Johannesburg – The Department of Health says the late payment of staff at NHI pilot sites has been resolved and that this does not set the tone for the roll out of the programme.
South Africa is piloting the National Health Insurance (NHI), which will see citizens accessing health care based on their health needs, irrespective of their socio-economic status. The NHI — a health financing system that is designed to pool funds to provide access to quality, affordable health care — is part of government’s major health sector reforms and is being rolled out over a 14-year period.
Media reports on Sunday said doctors and pharmacy assistants contracted to assist in the project had experienced delays in receiving their payments. However, Health Department spokesperson Popo Maja on Monday confirmed that the issue of late payment had been resolved.
Maja said the late payments were due to a change of payment administrators and an unanticipated problem in the administrative support for the project. Notwithstanding, Maja said these challenges had been resolved.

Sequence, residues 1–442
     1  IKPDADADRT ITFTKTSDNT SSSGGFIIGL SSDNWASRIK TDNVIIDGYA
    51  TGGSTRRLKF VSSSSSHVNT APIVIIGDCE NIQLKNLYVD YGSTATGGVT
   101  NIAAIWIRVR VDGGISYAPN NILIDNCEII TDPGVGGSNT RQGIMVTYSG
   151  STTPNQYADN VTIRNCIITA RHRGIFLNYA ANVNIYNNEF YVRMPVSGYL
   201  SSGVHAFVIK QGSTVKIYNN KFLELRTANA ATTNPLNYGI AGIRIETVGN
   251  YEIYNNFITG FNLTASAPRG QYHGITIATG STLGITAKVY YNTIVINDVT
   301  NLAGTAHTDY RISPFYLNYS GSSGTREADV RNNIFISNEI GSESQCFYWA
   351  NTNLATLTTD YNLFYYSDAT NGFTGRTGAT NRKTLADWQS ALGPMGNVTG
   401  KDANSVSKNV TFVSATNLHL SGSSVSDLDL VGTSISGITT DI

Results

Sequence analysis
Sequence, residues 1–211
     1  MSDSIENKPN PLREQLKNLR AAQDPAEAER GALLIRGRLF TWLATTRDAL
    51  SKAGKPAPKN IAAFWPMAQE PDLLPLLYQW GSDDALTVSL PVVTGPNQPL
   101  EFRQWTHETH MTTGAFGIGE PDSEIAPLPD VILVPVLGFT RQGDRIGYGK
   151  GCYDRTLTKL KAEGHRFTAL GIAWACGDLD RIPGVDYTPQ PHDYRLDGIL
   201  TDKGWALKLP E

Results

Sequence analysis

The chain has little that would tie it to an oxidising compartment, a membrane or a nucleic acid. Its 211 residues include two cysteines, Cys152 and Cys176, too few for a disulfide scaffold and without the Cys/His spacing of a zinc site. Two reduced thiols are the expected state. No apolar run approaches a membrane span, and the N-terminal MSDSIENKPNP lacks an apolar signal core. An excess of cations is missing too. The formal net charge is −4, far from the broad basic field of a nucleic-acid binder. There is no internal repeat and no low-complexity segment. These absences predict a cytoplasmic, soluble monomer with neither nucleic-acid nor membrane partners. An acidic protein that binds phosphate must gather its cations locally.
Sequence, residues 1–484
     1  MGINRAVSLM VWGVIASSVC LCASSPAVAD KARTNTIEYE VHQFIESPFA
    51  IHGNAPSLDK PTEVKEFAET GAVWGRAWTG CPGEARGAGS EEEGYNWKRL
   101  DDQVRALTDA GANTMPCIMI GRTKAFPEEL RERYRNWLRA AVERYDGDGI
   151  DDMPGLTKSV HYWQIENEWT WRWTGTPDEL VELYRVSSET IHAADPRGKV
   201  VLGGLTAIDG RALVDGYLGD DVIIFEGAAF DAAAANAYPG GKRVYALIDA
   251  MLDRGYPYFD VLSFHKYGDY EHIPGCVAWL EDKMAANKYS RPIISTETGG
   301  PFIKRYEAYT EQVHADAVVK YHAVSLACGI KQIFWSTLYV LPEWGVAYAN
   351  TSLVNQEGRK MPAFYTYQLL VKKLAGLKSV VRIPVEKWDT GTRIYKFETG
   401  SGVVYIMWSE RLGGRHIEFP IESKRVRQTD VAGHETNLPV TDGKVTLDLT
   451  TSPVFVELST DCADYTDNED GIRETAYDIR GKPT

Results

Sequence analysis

He said this would not affect the roll out of the NHI, as the doctors and pharmacists in question have received payments for more than 50 months without incident. The pilot project started in April 2012.
Maja said those affected by the late payments were not employees but service providers.
The pilot, Maja said, is being conducted to get a sense of interest from private sector health practitioners, and to see how health practitioners and clinic staff would work together.
The pilot is also an opportunity to test payment and administrative mechanisms, as the NHI fund would be a separate entity with its own administrative processes, Maja said.
Addressing the media after Cabinet approved the White Paper on the NHI in 2015, Health Minister Dr Aaron Motsoaledi said only 16.2% of South Africa’s population was covered by medical aid, while over 80% of the population was limited to accessing public health care services.
Minister Motsoaledi said South Africa spends 8.5% of Gross Domestic Product (GDP) on health and 4.1% of the GDP is spent on 84% of the population (the majority using the public health sector), while 4.4% of GDP was spent on only 16% of the population in 2015/16.
In May 2017 while tabling his department’s Budget Vote, Minister Motsoaledi said tax credits being earmarked for the establishment of the NHI Fund amounted to R20 billion.